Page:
Make chess look dynamic and interesting.In a conversation with Vulture, chess author and coach Bruce Pandolfini and The Queen’s Gambit editor Michelle Tesoro already shared valuable insights into how the series made chess look believable and exciting. The handheld elevated [her] connection with the camera.”

A long-take walk in Moscow, this time with a handheld camera. Still, that doesn’t always happen. “I was in the front seat operating the camera. That task was also shouldered by an initially intimidated Meizler. “Anya is into dance, so she brought a rhythm along,” Meizler says, discussing a glorious one-take sequence in episode three, “Doubled Pawns,” when Beth enters the Vegas hotel she’ll play chess at. So they decided to emphasize deliberation, triumph, and defeat via the characters’ faces. Turns out, that spiritually loaded image was a happy accident. “It’s more about leaning in and accepting them. Oddly enough, that particular location had a tilt to it, so the whole apartment was on an incline. “The story lent itself to this [visual quality] since this character is on the outside. Netflix. The crew used Red Ranger cameras and Zeiss Supreme lenses for nearly everything apart from a 16-mm segment — a reel on the fictional Russian grandmaster Borgov, Beth’s eventual chess opponent. “She has a very intense stare, it’s kind of daunting. Operating the A Camera himself (“operating it calms me down,” he says), Meizler took great care in preserving the show’s elegant cinematic identity throughout, allowing the characters to evolve organically within the frame. We [often] see what she sees, then come back to her close-up,” Meizler explains. It is just a bit different because she’s a bit off.”

Benny’s apartment, in full tilt. “I was doing complicated shots and it was very hard to keep all the dolly tracks straight. Everyone was on the same page about the general lack of color in episode one (with the exception of Beth’s distinct red hair) as well as the vivid, Douglas Sirk-ian interiors of the Wheatley home later on, with eye-popping, heavily patterned furniture and wallpaper. “The one ray of light going a different way is the actual sun. Illuminating grand halls with high ceilings and large windows presented an especially complicated challenge. Consequently, the play between radiance and darkness is distinctly noticeable throughout the series: starting from Beth’s orphanage ward (built in a high-school auditorium) and the yellow-tinted basement where she learns chess from the school janitor Mr. Photo: Netflix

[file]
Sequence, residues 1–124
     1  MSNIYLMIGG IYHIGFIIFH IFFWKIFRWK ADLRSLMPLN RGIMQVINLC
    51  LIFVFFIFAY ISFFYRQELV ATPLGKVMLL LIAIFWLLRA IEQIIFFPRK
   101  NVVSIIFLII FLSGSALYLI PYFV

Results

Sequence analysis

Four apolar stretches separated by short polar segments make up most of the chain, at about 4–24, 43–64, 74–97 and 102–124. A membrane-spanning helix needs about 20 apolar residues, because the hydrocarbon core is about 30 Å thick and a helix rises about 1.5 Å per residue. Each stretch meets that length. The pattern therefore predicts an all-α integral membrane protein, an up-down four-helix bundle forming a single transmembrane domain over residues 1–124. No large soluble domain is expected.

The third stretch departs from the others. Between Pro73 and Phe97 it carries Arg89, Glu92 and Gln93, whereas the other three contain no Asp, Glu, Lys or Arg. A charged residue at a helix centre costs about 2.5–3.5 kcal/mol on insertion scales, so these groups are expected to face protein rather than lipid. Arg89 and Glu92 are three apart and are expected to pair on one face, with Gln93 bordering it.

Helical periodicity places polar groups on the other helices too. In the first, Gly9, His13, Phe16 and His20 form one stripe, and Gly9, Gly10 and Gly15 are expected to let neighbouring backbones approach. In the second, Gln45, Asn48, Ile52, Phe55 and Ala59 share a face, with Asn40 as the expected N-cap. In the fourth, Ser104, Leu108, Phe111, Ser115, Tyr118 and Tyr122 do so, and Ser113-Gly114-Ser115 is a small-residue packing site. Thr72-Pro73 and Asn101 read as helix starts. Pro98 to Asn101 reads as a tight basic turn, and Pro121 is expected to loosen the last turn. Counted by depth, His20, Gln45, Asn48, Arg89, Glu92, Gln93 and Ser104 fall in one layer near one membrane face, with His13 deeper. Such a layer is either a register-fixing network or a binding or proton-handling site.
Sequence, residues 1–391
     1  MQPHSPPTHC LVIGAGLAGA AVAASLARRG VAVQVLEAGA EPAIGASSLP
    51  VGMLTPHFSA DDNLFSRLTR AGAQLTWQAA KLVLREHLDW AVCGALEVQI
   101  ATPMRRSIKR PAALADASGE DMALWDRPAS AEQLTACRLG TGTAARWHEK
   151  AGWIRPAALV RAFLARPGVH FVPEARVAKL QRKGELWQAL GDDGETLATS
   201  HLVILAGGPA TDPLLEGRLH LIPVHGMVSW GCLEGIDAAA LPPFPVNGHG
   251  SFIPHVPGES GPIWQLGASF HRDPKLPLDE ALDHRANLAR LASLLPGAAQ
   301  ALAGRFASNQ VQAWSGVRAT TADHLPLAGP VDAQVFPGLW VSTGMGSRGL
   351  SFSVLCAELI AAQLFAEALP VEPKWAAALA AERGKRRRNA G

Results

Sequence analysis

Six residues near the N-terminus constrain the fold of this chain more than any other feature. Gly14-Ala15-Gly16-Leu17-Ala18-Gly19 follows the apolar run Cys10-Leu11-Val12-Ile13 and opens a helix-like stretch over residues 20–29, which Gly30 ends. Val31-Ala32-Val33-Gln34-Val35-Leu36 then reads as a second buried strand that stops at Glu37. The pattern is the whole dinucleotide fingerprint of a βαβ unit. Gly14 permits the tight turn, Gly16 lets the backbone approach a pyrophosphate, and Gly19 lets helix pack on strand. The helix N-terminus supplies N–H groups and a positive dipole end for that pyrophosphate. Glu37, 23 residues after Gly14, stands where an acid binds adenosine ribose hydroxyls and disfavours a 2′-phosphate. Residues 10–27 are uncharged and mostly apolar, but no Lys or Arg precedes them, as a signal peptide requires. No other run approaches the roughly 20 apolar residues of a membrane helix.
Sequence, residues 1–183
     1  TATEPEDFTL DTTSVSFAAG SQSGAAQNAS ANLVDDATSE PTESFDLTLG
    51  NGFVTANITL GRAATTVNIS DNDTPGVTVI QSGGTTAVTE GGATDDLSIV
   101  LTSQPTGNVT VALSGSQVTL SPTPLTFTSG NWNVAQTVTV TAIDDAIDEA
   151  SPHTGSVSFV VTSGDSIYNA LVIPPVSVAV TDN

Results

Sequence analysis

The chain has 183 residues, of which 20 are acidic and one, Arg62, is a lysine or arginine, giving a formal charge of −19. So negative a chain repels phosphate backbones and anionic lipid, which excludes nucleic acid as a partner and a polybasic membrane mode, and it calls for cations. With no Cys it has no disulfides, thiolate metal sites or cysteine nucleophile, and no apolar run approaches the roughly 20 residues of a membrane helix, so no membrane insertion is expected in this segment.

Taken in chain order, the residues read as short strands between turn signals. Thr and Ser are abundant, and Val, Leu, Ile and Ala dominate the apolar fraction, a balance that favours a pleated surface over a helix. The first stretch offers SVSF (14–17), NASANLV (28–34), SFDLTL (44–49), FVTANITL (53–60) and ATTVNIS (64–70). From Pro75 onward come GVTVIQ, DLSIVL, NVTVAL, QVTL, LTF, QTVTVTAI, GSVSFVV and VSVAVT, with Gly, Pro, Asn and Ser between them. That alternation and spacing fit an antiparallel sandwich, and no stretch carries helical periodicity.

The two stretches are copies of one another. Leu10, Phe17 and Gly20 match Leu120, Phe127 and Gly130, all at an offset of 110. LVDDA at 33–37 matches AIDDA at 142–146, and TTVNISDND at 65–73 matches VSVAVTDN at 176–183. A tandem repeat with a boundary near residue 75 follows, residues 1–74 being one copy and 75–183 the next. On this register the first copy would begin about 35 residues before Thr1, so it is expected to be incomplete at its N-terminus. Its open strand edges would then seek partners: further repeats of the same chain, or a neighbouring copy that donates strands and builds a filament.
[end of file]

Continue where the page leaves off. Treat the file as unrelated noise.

Another fortuitous choice resulted in one of Meizler’s favorite shots in the entire series. “It was all one shot: bringing her in, panning to the bar, the singer, the waiter … A quiet shot of such emotional resonance, [followed by] a great cut to her smashing through the door drunk, [realizing] the destruction she will go through.”

Actually, she’ll have a gibson. Everything in The Queen’s Gambit honors the point of view of Beth Harmon (Anya Taylor-Joy). “That specific light is so different on how it reacts on a male versus a female face. While the tale spans the globe, most of The Queen’s Gambit was shot in Berlin, with the exception of some suburban exteriors that were filmed in Toronto and Cambridge. Netflix. “I’m always looking for the best place to put the camera to tell the story. “They each have something between them. We mimicked that a bit.”